Letting Go, Moving On
by Vicky Brand
Growing up in our small town in Cheshire, I enjoyed an interesting life as the eldest of three sisters whose parents worked hard at a business making cardboard boxes for the catering trade. From an early age I loved to draw. I remember one picture in particular because I drew four very strongly featured, black and white heads in charcoal, most likely a re-imagining of the four granite heads carved from the cliffs of Mount Rushmore in America. My parents thought that these heads were very strange and rather worrying. I was not encouraged to continue.
I joined the Police cadets at sixteen, which no girl in our town had ever done before. Two and a half years later I left to become a nurse. In the nearly thirty years that followed I would work as a surgical staff nurse, midwife, and Marie Curie affiliated Community Night Nurse. Occasionally during those years I attended a life drawing class and thought that perhaps one day I would see if I had enough talent to push myself a little further. When I reached the age of forty-three I realised that time was passing very quickly and if I was ever going to make my dream of one day becoming an artist a reality, I had better get on with it.
The women that I worked with for twelve years on night duty in the Community were all very supportive when I told them of my plans to go to college and study for a fine arts degree. Nevertheless, I couldn’t discuss all my new experiences with them because learning to be an artist was so very different from the world of nursing. And even though I too found the principles of conceptual art difficult to understand, being there with other artists was like coming home.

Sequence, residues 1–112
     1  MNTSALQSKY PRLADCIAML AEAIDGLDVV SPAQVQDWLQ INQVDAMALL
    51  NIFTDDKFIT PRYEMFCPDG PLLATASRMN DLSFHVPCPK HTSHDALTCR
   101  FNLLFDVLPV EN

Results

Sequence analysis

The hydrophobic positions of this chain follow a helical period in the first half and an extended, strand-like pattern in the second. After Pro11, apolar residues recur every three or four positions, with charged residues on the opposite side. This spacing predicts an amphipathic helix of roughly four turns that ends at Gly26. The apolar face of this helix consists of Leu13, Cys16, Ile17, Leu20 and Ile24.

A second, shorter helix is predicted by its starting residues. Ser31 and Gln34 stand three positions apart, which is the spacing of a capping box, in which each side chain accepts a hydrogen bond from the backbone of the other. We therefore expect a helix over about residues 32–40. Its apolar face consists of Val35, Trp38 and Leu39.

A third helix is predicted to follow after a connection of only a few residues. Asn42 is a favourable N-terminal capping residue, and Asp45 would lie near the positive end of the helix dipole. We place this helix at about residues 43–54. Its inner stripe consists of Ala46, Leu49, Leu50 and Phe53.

I first became interested in feminine identity whilst at college, although if asked if I was a “feminist,” I would generally deny association; the idea of “feminism” was looked upon with scepticism by some of the other students in my cohort and questions from male colleagues generally came with a sense of derogatory implication. Of course, I was trying to give both myself and all the other “quiet” women of my generation, who were content both to work and raise their families, a voice of their own through my art.
The first feminist piece I completed at college is titled, “Mirror Essence” and consists of six bordered canvases measuring 5′ x 3′ 6”. (Oil on emulsion paint) Each painting shows the reflection of a woman studying herself whilst she tries on new clothes in front of a mirror in the changing rooms of a ladies clothes shop. The “mirrors” are life-sized and the reflections of the women are accurately scaled. The figures are black and white; the new clothes are in colour. My intention was to highlight and differentiate between the two images that the woman had of herself.
A discussion with six friends taking part in the project resulted in some consensus that it is women’s hope that they can change their “personal identity” by altering their appearance. This belief being both initiated and reinforced by constant pressure from advertising in the media.
I enjoy this kind of collaborative project and continued to explore the subject for my degree show, which then took a more rigorous look at female identity. The exhibit included another series of six paintings, each portraying a pair of hands emerging through black holes into the gallery/viewers space. Here I was interested in the subjective nature of identity whereby people judge each other, often with only limited visual information.